Based on these principles we include the following articles:
A scoping review of the literature for evidence on self-care and how it should be organised for maximum effect.8
The overall organisation of self-care programmes covering the organising authority and the link to communities.9
A summary of the psychological theory that should inform the implementation of self-care.10
Details of how self-care should happen at the community level, covering people affected by leprosy and the broader community in which they live.11
An overview of assistive devices (especially orthoses) as a useful support service to self-care programs.12
An account of real-world experience in training for and implementing self-care.13
Perspectives of persons affected by leprosy.14
These guidelines do not include economic empowerment, which is the hallmark of self-help (as opposed to self-care) programmes.15 The RIGHT programme will provide the evidence that will enable us to extend self-care guidelines to incorporate economic empowerment (and hence become self-help guidelines). In this way, we intend to provide the social and medical framework to finally extinguish the biblical connotations that the word ‘leprosy’ still invokes.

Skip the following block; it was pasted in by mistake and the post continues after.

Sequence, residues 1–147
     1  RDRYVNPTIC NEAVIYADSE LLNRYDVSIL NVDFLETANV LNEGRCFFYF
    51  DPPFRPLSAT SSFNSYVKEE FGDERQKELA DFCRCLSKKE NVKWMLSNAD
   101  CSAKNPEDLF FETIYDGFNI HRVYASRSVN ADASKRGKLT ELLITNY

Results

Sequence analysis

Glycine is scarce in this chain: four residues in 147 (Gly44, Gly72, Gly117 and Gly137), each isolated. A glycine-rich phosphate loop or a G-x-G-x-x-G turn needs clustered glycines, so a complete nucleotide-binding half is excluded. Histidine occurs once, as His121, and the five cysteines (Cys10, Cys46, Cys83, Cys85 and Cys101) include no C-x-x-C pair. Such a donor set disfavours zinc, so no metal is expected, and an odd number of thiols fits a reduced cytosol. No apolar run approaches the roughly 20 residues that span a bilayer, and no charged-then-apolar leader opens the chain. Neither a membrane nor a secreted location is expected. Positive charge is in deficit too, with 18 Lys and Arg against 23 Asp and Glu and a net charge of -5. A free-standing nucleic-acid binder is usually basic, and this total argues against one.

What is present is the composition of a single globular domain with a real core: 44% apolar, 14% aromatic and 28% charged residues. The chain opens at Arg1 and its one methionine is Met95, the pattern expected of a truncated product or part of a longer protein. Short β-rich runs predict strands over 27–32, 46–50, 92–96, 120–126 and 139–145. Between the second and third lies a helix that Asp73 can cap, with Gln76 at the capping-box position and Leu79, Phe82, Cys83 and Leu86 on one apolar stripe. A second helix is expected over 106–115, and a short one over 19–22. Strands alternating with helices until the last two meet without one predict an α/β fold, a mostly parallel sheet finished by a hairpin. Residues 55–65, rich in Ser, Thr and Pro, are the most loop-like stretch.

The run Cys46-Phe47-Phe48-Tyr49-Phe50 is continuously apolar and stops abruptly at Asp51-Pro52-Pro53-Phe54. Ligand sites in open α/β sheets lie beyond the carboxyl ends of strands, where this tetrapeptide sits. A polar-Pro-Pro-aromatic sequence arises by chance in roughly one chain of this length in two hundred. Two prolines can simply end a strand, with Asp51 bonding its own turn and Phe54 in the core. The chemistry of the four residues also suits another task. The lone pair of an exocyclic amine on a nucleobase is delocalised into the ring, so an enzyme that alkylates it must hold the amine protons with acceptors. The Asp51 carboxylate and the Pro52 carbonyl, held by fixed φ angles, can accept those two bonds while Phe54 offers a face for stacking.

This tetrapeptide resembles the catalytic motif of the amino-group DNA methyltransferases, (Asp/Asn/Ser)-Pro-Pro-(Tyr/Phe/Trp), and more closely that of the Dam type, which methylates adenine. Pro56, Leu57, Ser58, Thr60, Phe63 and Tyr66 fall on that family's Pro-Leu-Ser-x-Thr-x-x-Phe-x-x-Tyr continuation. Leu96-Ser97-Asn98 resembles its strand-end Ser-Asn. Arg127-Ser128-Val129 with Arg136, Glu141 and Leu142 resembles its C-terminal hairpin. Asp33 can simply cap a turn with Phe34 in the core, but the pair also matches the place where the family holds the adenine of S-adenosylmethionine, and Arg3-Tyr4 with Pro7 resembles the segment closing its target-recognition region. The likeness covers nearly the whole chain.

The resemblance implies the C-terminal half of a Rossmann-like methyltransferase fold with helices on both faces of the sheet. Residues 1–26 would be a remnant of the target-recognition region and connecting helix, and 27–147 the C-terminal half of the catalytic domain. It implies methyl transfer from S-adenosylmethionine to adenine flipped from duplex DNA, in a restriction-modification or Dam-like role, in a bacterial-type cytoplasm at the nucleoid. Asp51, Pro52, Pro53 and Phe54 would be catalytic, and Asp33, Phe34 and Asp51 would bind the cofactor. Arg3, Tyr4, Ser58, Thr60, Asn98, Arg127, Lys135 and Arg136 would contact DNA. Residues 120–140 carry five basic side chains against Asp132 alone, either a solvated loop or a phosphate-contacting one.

RJL is funded by the National Institute for Health Research (NIHR: 200132) using UK Aid from the UK Government to support global health research and NIHR ARC West Midlands. The views expressed in this publication are those of the author and not necessarily those of the NIHR or the UK Department of Health and Social Care.
1ShresthaD, NapitIB, AnsariS, ChoudhurySM, DhunganaB, GillP Evaluation of a self-help intervention to promote the health and wellbeing of marginalised people including those living with leprosy in Nepal: a prospective, observational, cluster-based, cohort study with controls. BMC Public Health, 2021; 21(1): 873.
2DamschroderLJ, AronDC, KeithRE, KirshSR, AlexanderJA, LoweryJC. Fostering implementation of health services research findings into practice: a consolidated framework for advancing implementation science. Implement Sci, 2009; 4: 50.
3FerlieEB, ShortellSM. Improving the quality of health care in the United Kingdom and the United States: a framework for change. Milbank Q, 2001; 79(2): 281315.